WASHINGTON -- Back on May 23, the Nationals were toast. Or so it seemed.
They'd just been swept in a four-game series by the Mets. They were 12 games under .500 and had the National League's second-worst record. Their bullpen was a mess and their manager's future was in doubt.
A month later, things have changed.
Even though the Nats dropped two straight to the Braves over the weekend -- an extra-innings defeat Sunday, preceded by a gut-punch loss on Saturday night fueled by yet another bullpen implosion -- they've managed to claw their way back to relevance in the NL playoff picture. Since May 24, they've won 18 of 27 games, giving them the second-best record in baseball over that stretch (only the Dodgers have been better).
Yes, they're still three games under .500. Sure, they're still eight games out of first place. True, the bullpen is still chock full o' warts. Despite all that, after going 4-2 against Philadelphia and Atlanta (the two teams that appeared to be the class of the division), Washington entered the week within three games of a wild-card spot. According to FanGraphs, the Nationals' postseason odds -- which had sunk to 22 percent a month ago -- were at 53 percent heading into Sunday, highest among the NL's non-division leaders. What's more, their next 12 games leading into the All-Star break come against the Marlins, Tigers and Royals. In other words, the Nats have a playoff pulse.
"We know we're capable of keeping up with any of these guys," catcher Yan Gomes said of the Nationals, who have managed to resurrect a season that, not long ago, seemed entirely, um, unresurrectable.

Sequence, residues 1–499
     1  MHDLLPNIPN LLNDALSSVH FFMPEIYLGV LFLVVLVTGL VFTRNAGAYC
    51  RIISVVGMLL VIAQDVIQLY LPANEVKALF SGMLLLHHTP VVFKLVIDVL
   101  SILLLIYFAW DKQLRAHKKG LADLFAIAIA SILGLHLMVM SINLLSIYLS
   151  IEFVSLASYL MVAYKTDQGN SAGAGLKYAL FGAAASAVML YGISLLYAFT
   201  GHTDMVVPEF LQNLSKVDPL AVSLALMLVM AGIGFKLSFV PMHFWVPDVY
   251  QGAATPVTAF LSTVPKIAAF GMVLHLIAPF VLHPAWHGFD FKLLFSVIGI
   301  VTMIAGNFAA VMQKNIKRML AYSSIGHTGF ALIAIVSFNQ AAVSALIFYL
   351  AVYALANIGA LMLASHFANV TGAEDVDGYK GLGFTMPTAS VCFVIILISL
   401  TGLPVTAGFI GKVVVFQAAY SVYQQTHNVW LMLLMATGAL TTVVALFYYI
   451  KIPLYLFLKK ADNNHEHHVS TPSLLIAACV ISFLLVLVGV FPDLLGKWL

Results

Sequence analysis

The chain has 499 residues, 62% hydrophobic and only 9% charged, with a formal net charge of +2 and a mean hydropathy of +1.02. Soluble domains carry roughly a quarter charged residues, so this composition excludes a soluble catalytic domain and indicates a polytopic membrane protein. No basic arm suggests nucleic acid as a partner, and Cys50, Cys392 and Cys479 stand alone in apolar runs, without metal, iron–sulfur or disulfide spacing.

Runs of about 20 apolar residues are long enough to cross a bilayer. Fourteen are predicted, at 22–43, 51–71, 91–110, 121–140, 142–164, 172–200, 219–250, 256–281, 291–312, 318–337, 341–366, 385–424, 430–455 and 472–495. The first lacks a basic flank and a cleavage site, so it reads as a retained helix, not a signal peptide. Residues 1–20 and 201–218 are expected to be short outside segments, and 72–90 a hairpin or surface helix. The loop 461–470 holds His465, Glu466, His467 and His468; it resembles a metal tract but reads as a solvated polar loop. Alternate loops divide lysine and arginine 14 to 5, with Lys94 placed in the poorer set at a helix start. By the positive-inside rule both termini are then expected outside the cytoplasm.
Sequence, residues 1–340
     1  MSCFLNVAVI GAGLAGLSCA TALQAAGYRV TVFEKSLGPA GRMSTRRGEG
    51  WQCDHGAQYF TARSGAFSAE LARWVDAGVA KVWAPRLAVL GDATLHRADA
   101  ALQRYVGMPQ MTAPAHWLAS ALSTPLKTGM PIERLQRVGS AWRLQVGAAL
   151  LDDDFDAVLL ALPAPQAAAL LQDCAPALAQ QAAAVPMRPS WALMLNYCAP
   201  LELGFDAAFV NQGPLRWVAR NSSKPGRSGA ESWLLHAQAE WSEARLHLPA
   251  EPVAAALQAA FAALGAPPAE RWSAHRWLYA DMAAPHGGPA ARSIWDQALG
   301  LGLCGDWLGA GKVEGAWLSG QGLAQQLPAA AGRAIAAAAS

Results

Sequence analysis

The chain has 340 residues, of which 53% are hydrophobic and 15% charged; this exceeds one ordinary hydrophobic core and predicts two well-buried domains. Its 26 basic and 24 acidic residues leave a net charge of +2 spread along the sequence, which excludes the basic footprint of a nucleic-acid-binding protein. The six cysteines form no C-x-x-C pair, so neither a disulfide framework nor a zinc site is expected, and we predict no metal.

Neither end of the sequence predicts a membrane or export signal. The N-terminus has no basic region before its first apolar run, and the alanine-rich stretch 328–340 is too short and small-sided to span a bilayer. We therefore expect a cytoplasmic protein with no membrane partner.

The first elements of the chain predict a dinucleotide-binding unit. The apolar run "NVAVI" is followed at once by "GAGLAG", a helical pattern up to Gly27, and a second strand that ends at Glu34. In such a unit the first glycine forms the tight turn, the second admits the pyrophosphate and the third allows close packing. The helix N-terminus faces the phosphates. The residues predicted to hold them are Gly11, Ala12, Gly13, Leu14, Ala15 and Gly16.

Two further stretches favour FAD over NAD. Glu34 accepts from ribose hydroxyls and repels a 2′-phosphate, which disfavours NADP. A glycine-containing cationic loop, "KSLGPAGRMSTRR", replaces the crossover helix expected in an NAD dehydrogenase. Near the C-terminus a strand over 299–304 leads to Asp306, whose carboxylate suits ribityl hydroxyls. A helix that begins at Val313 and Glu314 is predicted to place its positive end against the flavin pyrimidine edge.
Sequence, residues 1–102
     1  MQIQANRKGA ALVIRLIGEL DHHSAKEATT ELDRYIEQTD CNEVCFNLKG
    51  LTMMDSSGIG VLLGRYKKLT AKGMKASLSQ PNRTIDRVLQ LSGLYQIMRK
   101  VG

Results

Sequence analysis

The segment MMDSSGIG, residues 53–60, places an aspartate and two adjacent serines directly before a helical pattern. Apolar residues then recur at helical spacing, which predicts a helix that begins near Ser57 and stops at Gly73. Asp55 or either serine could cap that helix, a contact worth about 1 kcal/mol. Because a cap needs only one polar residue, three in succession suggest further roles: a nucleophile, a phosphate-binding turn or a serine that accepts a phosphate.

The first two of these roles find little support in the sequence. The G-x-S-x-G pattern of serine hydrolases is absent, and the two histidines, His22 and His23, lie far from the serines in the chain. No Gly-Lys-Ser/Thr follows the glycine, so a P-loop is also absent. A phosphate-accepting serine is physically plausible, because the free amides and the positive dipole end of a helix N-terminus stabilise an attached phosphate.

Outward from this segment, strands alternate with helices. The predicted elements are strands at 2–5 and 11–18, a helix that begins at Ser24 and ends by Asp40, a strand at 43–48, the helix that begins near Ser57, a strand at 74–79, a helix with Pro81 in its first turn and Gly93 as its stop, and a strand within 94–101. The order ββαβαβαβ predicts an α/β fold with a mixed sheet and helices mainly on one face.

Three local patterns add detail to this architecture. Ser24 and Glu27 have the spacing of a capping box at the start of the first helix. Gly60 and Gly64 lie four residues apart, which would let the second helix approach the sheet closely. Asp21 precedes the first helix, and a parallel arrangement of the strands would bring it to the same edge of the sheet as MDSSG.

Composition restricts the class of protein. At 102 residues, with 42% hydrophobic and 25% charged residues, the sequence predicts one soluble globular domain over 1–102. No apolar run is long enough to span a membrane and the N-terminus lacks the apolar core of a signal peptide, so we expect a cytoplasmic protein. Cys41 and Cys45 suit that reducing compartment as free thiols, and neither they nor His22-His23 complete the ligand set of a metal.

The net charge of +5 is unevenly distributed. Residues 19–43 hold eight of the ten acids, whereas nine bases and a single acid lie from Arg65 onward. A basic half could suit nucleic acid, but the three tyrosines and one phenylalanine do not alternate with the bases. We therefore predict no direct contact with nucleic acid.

Here are five keys to Washington's turnaround:
1. Clean(ish) bill of health. Some teams (like the 2019 New York Yankees) can deal with injuries. The Nationals are not one of those teams. At least not this year's Nationals. Losing shortstop Trea Turner and third baseman Anthony Rendon within the first month of the season exposed the organization's lack of infield depth, simultaneously taking a major bite out of Washington's run production and run prevention.
Since Turner and Rendon have returned (and shaken off the rust), the Nats have been a completely different team on both sides of the ball. Just how good has Rendon been? Despite missing two weeks, he still ranks among the NL's top five in wins above replacement.
2. Max Scherzer pitching like Max Scherzer. The narrative early in the season was that Scherzer, whose team lost 10 of his first 12 starts, was this year's version of Jacob deGrom. He was pitching as well as ever but simply wasn't getting any support. Not from his offense. Not from his defense. Not from his bullpen.
Although there was some truth to that, there was also some truth to this: Over the first two months, Scherzer -- who led the NL in hits allowed through Memorial Day -- hadn't really kicked it into full Mad Max mode. Lately, he has. In four June starts, Washington's ace has an itsy-bitsy 0.93 ERA. In 29 innings, he has tallied 44 strikeouts against five walks. In related news, the Nationals have won all four of those games -- including his most recent outing, when he sealed a doubleheader sweep of the Phillies, striking out 10 and walking two while sporting a shiner from a broken nose suffered in batting practice the day before.